Bill Greisling waited three years for someone to help him breathe.
Finally, this past May, hospital workers called the 62-year-old father of six and grandfather of 15, to let him know that help had arrived. A high school student had died in a car crash on his 16th birthday and Greisling would receive his left lung.
"I can't tell you how grateful I am," said Greisling, who, before the surgery couldn't even walk to his mailbox without running out of breath due to idiopathic pulmonary fibrosis, a progressive disease of the lung. "You start looking at life very differently — all you want to do is help others."
According to a Gallup poll, 83 percent of Americans understand the benefits of organ donation and approve of the practice but only 28 percent have granted written consent to release their organs if they die. Since 1995, more than 45,000 people have died waiting for an organ donor.
Some say the problem lies in a reluctance to make what can be a very uncomfortable decision. They say a new opt-out system, which would assume people are donors unless they specify otherwise, could dramatically increase the number of donors and save lives. A similar example lies in the do-not-call telemarketing system, where it is assumed telemarketers may call people at home unless they add their names to a do-not-call list.
But because releasing your organs to medicine after death can be such a profound decision, critics say adopting a similar opt-out system for organ donation would also introduce all kinds of ethical land mines.
"It's a really emotionally hard decision to make — you have to think about your own demise," said Eric Johnson, a social scientist at Columbia University. "It's easier to not think about it at all."
Numbers from some European countries show that forcing people to confront the decision can make a big difference.
In several countries, including Austria, Belgium, France, Hungary, Poland, Portugal and Sweden, authorities assume everyone is willing to be a donor — with the approval of family after death — unless they say otherwise in written form. In those countries, 85 percent to 99 percent of people are on paper as willing donors and actual donations are higher by about 56 percent.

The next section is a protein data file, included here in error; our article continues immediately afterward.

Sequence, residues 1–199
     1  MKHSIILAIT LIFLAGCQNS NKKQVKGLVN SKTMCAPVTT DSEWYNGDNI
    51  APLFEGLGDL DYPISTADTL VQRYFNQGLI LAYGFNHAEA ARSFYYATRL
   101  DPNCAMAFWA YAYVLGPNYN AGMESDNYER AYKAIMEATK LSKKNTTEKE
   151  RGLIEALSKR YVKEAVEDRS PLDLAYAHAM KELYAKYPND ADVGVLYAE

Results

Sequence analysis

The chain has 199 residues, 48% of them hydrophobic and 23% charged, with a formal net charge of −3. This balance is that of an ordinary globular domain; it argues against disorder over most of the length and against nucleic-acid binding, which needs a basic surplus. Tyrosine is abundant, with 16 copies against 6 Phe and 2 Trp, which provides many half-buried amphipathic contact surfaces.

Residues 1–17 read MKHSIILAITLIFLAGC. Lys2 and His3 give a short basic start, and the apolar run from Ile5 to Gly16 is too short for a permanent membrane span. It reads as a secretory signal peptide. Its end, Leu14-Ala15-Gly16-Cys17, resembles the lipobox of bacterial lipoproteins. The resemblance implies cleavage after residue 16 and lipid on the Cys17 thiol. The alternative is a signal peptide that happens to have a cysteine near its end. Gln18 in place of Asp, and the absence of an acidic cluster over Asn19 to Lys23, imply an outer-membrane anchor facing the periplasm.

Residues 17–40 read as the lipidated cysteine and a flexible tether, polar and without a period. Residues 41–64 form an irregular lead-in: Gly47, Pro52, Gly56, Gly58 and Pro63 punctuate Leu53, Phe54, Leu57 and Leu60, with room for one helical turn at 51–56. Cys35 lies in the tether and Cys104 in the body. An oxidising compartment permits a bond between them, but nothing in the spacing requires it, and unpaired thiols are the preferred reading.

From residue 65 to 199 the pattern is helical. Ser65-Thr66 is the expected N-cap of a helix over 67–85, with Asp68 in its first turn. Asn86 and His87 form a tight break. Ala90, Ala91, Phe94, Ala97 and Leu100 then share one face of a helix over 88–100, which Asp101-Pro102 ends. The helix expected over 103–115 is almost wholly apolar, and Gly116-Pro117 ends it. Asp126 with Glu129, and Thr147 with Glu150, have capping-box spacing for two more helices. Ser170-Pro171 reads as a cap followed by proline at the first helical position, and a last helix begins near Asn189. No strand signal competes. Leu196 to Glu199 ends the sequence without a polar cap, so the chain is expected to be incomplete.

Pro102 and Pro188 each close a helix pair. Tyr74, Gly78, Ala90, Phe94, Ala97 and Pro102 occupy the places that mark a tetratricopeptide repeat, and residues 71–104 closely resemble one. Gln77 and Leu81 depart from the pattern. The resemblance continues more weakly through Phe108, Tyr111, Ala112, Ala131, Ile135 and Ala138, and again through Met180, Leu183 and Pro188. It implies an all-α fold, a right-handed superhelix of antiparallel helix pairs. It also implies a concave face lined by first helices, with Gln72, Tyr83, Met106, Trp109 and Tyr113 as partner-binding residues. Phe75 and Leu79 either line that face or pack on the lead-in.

In Germany, Denmark, the Netherlands and the United Kingdom, where it is assumed people are not willing donors unless they sign up to be, the consent rates range from just over 4 percent in Denmark to 27 percent in the Netherlands.
Surveys by Johnson and his colleague Daniel Goldstein suggest a change in how people sign up could make a difference in this country as well.
The pair interviewed three groups of people. Members of the first group were told they had just moved to a new state where it was assumed they would be an organ donor. They were given the choice to confirm or change that status. Another group was told the same except it was assumed they were not donors unless they specified they wanted to be. The third group was told to simply choose whether or not to become organ donors — with no prior default.
Among those who had to opt out from being a donor, 82 percent volunteered to be donors. For those who had to change their default to opt in and become a donor, only 42 percent signed up. And 79 percent of those who made the choice without any prior default said they would be donors.